Mydoom DoS Attack On Microsoft Falters

Microsoft dodged the denial-of-service bullet fired by the Mydoom.b worm Tuesday, due in equal parts, said an analyst, to a hacker's clumsy programming and the slow spread of the variant.

February 4, 2004

4 Min Read
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Microsoft dodged the denial-of-service bullet fired by the Mydoom.b worm Tuesday, due in equal parts, said an analyst, to a hacker's clumsy programming and the slow spread of the variant.

Unlike The SCO Group's Web site -- which was brought down by the original Mydoom worm, dubbed Mydoom.a -- Microsoft's site remains up and running. SCO removed its original site from the Internet's global directory over the weekend, and has offered up a new URL -- -- as a replacement.

One web monitoring firm noted that Microsoft's primary site of, which was the second denial-of-service (DoS) target of the Mydoom.b worm, was actually performing better Tuesday than the day before. (Mydoom.b was coded to initiate its DoS attack on as of 8:19 a.m. (EST) Tuesday.)

While is experiencing some degradation in performance today -- 10 to 20 percent slower compared to the last two Tuesdays -- it's performing significantly better than yesterday, according to Ken Godskind, vice president with AlertSite, when many users may have been accessing the site to retrieve a newly-posted update to Internet Explorer.

At 1 p.m. (EST) Tuesday, for example,'s performance was up 25 percent over Monday's, said Godskind."From an availability standpoint, Microsoft has been completely unaffected by Mydoom," he said. "I suspect that Microsoft has done a good job of defending its sites and servers."

The fact that Microsoft's site wasn't affected didn't take security analysts by surprise. By late last week, many of the security experts monitoring Mydoom.b were saying that the variant wouldn't drag down Microsoft's site.

Mydoom.b, and its precursor, Mydoom.a, both used infected machines to conduct DoS attacks against sites. The worms forced compromised systems to bombard the home pages of SCO and Microsoft in the hopes of overloading their servers and making the URLs inaccessible.

The reason Microsoft escaped SCO's fate, said Jimmy Kuo, a McAfee fellow at Network Associates, and the founder of that company's AVERT security team, comes from a combination of the small numbers of Mydoom.b-infected systems and a programming gaffe in the worm's code.

"By yesterday, the count of Mydoom.b samples submitted to us was only in the teens," said Kuo, "and for two days last week, we saw none. It's just not spreading."A worm must reach an infection threshold to successfully conduct a DoS attack, said Kuo, and Mydoom.b just didn't make it. "If a worm's not managed to get out there, to reach that magic threshold, it's very, very difficult for it to spread."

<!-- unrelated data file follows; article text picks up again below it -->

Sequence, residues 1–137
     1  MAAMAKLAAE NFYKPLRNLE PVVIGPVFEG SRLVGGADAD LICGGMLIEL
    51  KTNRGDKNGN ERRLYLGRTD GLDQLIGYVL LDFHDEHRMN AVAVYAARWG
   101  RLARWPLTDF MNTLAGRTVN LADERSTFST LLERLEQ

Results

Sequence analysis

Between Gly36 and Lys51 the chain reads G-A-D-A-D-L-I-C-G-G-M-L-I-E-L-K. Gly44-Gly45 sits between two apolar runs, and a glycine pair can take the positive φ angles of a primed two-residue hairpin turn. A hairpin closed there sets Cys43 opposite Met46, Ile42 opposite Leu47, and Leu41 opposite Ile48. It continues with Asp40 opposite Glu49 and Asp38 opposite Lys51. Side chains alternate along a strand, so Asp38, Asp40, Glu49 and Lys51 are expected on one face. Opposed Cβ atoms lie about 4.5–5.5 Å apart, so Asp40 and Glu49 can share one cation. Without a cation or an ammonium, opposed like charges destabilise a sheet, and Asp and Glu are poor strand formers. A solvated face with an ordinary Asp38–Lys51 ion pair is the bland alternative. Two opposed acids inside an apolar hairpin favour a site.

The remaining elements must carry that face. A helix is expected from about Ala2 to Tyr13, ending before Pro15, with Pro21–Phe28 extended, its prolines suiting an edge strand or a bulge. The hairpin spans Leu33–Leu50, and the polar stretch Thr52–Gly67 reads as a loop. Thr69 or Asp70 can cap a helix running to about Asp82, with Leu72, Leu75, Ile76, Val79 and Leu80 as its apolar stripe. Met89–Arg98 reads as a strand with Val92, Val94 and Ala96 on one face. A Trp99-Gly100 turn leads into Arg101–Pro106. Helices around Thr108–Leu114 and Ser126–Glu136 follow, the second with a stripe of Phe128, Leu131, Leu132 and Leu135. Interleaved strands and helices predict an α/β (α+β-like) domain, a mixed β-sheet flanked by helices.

According to Network Associates' estimates, only about 10,000 machines worldwide have been infected with the Mydoom.b worm. Compare that to the 500,000 machines infected with the original Mydoom.a, which didn't target, and it's easy to see why the Redmond, Wash.-based developer's Web sites remained up and running.

But numbers don't tell the whole story, said Kuo.

Both Mydoom.a and Mydoom.b have a programming error that limits the number of infected machines which will conduct the DoS attacks at the same time.

Only about seven percent of the Mydoom.b-compromised computers actually attack simultaneously, according to Network Associates' analysis, said Kuo. (Mydoom.a also sports the same bug, but in its case, about 25 percent of the infected machines are able to attack The SCO Group's site at the same time.)"With less than 10,000 machines infected [by Mydoom.b], there are fewer than 1,000 computers attacking at the same time," said Kuo. "In other words, there are more people going to the site to download the latest IE update than there are machines attacking."

The bug is yet another clue that the two worms were written by the same hacker, said Kuo. "We've always thought that one person wrote both," he said. "Each variant was signed for purposes for code backup; both included the name 'andy.'"

Microsoft would not go into details on what steps it had taken to deflect the Mydoom.b DoS attack, but "Microsoft's Web properties remain fully available to customers," a spokesperson said.

"While we are unable to discuss the specific remedies we took to prevent the DoS attack, we did make it a priority to ensure that sites, such as Windows Update, remained fully available," she said.

Besides running DoS attacks, Mydoom.b blocked access to a slew of anti-virus, security, and update sites, including Windows Update and Office Update. On Tuesday, Microsoft launched an alternate site that contains links to work-arounds users can apply to reach these blocked URLs.0

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